Mobile technology helps students work in field research

Jessica MacIntosh

Due to come out this spring and with the help of some federal grants, the criminal justice department will be receiving a mobile crime lab.

“The mobile crime lab is a crime scene investigation vehicle,” said Wayne Thomason, assistant professor and director of the law enforcement academy.

“It’s really like a mobile crime scene laboratory.”

Thomason said it takes between five and seven months to build and retrofit the vehicle to the proper specifications.

He said the mobile crime lab has all the necessary equipment to process a crime scene from homicide investigation to sexual assault.

“It is really a very comprehensive vehicle that will allow you to go out in the field and really be self-sufficient in processing a crime scene,” he said.

The mobile crime lab is equipped with different types of fingerprinting tools.

“[It has the] type of equipment from different types of powders that you can use at a crime scene to hinge lifters to rubber lifters to handle different types of fingerprints that you might have to deal with,” Thomason said.

The vehicle also has a photographic deck with equipment.

“It would allow you to get on top of the vehicle and take photographs,” he said, “and observe for other physical evidence.”

Thomason said the vehicle has the items to package and collect evidence “to preserve the chain of custody.”

“It is totally set up,” he said.

Along with all the equipment necessary to process a crime scene, it is also heated and air-conditioned. Thomason said one can go to the back of the vehicle to examine evidence and file reports.

“It comes with supplemental lighting and full generators,” he said.

Thomason said there is a “high level” of interest in the area of crime scene investigation. He said the students will be able to see exactly how it is being done in the field.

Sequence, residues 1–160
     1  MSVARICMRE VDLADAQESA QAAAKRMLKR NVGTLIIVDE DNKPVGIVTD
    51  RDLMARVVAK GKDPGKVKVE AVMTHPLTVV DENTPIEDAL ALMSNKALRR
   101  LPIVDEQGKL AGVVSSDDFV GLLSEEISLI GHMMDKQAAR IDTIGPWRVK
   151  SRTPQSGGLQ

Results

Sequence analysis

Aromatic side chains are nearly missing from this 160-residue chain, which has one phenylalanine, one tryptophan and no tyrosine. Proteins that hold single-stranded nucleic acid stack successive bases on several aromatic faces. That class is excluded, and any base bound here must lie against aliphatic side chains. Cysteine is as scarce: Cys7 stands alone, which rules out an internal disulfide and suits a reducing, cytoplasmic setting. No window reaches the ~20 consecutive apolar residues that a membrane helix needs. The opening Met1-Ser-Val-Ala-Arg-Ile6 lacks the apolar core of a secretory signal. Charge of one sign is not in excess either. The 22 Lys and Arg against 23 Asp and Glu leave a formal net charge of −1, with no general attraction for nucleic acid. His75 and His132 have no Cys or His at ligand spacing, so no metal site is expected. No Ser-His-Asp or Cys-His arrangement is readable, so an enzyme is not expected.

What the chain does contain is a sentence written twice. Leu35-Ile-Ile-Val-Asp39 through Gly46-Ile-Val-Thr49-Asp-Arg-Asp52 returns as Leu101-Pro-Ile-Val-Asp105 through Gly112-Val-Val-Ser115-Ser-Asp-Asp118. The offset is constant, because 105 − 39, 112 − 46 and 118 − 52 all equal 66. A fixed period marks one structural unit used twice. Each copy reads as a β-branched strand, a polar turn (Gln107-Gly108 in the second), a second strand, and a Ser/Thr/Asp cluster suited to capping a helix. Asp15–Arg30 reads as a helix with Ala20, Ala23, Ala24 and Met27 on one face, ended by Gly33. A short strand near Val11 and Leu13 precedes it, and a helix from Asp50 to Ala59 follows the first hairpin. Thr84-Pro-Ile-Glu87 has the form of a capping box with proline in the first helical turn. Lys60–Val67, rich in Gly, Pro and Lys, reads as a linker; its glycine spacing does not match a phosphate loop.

“It is critical for us at Missouri Southern to be on the cutting edge of technology and to be able to provide to our students state-of-the-art equipment,” he said. “When they graduate and go out into the field, [they] have had experience working with the type of equipment that they will see in the various departments.”

Thomason said the hope is to take the mobile crime scene vehicle to crime scenes.

“We will be an asset to the community,” he said.

The vehicle will be used in the criminal justice classes.

“It will also be available for our academy students when they study crime scene investigation,” Thomason said. “We plan to put it to its fullest use and get as many students involved with the program as possible.”

He said the faculty in the department is “enthusiastic” about the crime scene vehicle.

Derek Ladd, sophomore criminal justice major, said it is beneficial for criminal justice majors and others who are interested in the class.

“It’s a technique and another tool for gathering information in the field,” Ladd said.

Thomason said this is an “excellent” example of a cooperative agreement with the school of technology.

“It’s a great example of the school of technology, the criminal justice and the University working together to provide the finest equipment available for Missouri Southern students,” he said.